Washington's Partisan War, 1775-1783
Mark V. Kwasny
Narrated by Tracy Tupman
Approximately 13.5 hours
Book published by Kent State University Press
This text provides an understanding of the complex relationship between the Continental army and the state militias during the Revolutionary War in America. It also shows how George Washington used the militia with skill, even though he distrusted them.
Mark V. Kwasny is the author of several essays on colonial and revolutionary America. He received Ohio State Newark's Teaching Excellence Award for Lecturers for 2006-2007.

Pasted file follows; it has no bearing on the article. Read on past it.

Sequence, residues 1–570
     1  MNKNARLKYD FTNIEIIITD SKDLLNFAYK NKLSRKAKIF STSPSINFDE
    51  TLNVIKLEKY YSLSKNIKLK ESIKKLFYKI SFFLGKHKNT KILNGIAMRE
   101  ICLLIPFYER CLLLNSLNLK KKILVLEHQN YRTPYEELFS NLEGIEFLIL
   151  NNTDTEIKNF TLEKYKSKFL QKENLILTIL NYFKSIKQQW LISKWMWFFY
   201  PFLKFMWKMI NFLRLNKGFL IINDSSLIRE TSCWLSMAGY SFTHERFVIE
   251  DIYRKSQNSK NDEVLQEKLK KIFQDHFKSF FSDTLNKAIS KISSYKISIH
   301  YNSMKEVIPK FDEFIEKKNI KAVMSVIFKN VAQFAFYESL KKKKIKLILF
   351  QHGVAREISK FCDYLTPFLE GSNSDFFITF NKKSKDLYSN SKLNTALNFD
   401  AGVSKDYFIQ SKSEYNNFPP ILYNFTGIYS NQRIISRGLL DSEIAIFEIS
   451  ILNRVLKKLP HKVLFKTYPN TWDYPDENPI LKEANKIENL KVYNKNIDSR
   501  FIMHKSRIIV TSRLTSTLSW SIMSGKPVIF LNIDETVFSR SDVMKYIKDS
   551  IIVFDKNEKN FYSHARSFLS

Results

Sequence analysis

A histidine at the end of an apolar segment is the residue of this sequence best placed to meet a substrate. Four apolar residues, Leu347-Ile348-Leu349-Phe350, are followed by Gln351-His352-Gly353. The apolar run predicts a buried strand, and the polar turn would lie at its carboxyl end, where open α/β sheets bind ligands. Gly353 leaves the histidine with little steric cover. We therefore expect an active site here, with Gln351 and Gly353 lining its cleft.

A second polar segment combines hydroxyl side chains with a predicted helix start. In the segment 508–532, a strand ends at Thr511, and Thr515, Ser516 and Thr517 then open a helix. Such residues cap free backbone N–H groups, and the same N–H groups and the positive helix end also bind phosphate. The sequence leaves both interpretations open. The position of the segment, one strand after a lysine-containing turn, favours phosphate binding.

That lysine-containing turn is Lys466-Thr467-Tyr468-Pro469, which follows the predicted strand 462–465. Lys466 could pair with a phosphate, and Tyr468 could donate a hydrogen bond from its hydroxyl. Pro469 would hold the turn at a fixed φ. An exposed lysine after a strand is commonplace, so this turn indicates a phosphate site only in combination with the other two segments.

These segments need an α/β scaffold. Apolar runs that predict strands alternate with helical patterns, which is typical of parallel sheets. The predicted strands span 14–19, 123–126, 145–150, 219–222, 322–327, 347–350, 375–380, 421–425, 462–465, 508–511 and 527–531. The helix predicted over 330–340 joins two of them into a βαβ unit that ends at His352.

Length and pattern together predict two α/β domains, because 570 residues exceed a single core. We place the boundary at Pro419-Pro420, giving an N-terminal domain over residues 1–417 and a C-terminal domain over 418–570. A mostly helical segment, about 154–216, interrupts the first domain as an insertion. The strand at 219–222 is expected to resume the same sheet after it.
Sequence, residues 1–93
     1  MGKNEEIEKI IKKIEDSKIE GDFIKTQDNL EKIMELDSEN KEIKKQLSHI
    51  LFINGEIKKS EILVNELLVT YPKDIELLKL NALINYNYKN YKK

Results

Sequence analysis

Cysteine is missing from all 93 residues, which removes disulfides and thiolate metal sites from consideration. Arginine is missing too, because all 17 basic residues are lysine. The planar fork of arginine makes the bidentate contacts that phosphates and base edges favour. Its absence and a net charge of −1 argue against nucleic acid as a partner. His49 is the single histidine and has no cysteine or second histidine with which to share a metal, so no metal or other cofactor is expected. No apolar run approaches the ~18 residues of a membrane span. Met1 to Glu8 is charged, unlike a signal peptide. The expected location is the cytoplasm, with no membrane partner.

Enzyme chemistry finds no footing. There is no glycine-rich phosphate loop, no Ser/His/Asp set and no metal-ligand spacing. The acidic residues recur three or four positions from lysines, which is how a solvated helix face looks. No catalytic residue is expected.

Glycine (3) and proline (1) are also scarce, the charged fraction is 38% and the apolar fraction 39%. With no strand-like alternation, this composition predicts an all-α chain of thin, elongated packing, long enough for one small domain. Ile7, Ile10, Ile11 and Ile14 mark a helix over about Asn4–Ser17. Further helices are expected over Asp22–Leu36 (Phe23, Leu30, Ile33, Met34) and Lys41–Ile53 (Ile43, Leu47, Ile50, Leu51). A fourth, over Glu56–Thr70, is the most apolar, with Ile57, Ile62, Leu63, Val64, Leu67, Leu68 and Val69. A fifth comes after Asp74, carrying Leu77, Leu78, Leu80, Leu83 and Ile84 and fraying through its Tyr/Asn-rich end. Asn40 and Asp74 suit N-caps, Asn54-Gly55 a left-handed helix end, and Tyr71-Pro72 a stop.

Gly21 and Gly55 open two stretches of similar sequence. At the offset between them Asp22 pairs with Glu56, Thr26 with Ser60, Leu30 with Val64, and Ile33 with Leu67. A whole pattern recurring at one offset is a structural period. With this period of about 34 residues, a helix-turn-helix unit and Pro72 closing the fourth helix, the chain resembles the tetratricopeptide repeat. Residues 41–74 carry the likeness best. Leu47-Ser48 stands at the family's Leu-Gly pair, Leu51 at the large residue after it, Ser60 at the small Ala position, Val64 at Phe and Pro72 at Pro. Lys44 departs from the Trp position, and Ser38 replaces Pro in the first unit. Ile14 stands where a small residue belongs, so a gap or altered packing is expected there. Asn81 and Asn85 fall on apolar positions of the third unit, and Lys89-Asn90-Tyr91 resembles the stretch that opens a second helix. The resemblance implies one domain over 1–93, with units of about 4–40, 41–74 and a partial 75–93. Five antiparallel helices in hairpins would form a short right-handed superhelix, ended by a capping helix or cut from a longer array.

“The issue of Washington's use of the militia during the Revolutionary War is indeed a complex question. At the beginning of the war, Washington considered the militia unreliable, and most officers viewed it with contempt. Yet, as the war drew to a close, Washington stated that "the militia of this Country must be considered as the Palladium of our security." Kwasny's (history, Ohio State Univ.) in-depth analysis provides the reader with the necessary evidence to follow the changing role of the militia through the war. The reader also can follow the transformation of Washington and how he developed his ultimately successful use of the militia. The work is very well written and thoroughly researched; there are over 60 pages of notes. Although of greatest interest to period historians, it does explain some ambiguities that have persisted about Washington as a general. Recommended for subject specialists and historians. ”
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